I really wanted to like this book. Love it, in fact. I wanted to love it like I fell in love with Mean Babstock’s first book. Mean was glorious, it was the way and the light, and as I read it years ago I kept thinking, this is poetry one could emulate, this is poetry worthy of putting forward on the world stage, this is the best book of Canadian poetry I’ve read in years. Mean stuck with me, and it’s stuck with others: it’s the yardstick for a certain generation of poets. I know of what I speak: I’ve asked dozens of poets, in the midst of flagging polite conversation, “But what do you think about Babstock’s Mean?” And the reaction is often one I myself can identify with: unadulterated awe.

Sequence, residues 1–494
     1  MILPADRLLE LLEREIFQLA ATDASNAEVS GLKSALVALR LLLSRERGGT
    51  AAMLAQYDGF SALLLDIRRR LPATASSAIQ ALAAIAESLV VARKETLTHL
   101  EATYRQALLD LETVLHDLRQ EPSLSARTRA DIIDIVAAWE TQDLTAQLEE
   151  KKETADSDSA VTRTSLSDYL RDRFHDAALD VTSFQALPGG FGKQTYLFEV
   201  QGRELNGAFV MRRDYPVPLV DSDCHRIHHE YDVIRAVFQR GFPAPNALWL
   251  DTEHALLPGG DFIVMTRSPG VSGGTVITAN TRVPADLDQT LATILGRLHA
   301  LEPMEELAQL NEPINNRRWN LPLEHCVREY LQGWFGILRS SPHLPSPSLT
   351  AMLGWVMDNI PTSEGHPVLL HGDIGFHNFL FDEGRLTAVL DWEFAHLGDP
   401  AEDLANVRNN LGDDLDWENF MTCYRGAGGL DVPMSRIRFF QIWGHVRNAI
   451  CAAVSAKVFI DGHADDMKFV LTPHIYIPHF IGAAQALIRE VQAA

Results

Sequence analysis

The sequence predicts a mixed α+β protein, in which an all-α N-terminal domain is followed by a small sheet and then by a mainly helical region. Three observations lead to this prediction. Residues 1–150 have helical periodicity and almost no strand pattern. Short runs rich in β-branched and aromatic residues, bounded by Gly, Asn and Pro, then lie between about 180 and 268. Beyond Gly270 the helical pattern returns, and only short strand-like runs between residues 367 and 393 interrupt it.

Then Days into Flatspin, Babstock’s second book, came out, too soon on the heels of Mean. These poems hadn’t fermented, they hadn’t gestated, and though they still showed the same talent, mind, the same observational consciousness, the same novel phrase-making, well, things hadn’t been pared down, made essential. Anansi rushed the book and the book suffered. So, hoping they had learned a lesson there, I anticipated loving this book, to fall in love again. Did I? A qualified, not an enormous, yes. First of all, Babstock’s almost always interesting. And I think I know why: he’s always observing, and he has a way of capturing scenes and details that’s memorable. What he sees, he transmutes. So if he’s on a train watching an army cadet or if he’s on Signal Hill watching kites–watching, always watching–there’s an interest kindled in the reader by the fidelity of the perception. The other obvious Babstock trademark is his skill with language. Sure, he’s got a sublime eye, but this would be nothing if he didn’t have the chops to express himself. And whole poems read like virtuoso technical pieces, poems like “Windspeed” and “Tarantella” that play with form, with end rhyme, off-rhyme, and internal rhyme. A brief sampling from “Franconia”: “We passed homes half-sheathed in Tyvek, / new model King Cabs guarding the lawns, / their taillights turned to the coughed-out wreck / out back on breeze-blocks. Vermont’s gone, gone….” Babstock’s poems quite literally play: the skill on hand here calls to mind a particularly dainty flourish by a pianist interpreting some traditional piece. (In “Found in a Sock Monkey Kit,” Babstock himself says “Sometimes making is play, only that.”) For example, in “Tarantella,” one gets the idea when Babstock rhymes “Bordatella” with “fella” and “tell a” and “Nutella” and “Danny Aiello.” These choices are as if to say: look at what I can do! And one does look. And acknowledge: they’re fresh, they’re unexpected. But eye and language aside, I must confess to loving–if loves should be quantified–this book less than Mean. First of all, all the danger is gone. Babstock writes a much more comfortable poetics, a less hardscrabble universe, and some of the violence that permeated Mean set his poetry aflame, caused it to lift and crackle. There was something transgressive, something angry about Mean, whereas Airstream Land Yacht is more contemplative, more world-weary, more overtly philosophical. (After all, it’s not mean, it’s a yacht!) It also does tend to go on. (If I may go on: there are too many itinerary poems, mere what-I-did-today compendiums. A few poems are slight one-offs like “The Lie Concerning the Work” that should have been culled. And the philosophy that is in the book seems to be grafted onto the poetry. But these are mere spats in a prolonged affair; still, I wished that Babstock would write about something more important from time to time.) I am sure this is just a matter of taste–whether young or mature love is more to your liking. And, it must be mentioned, the love poems in this book are a real accomplishment.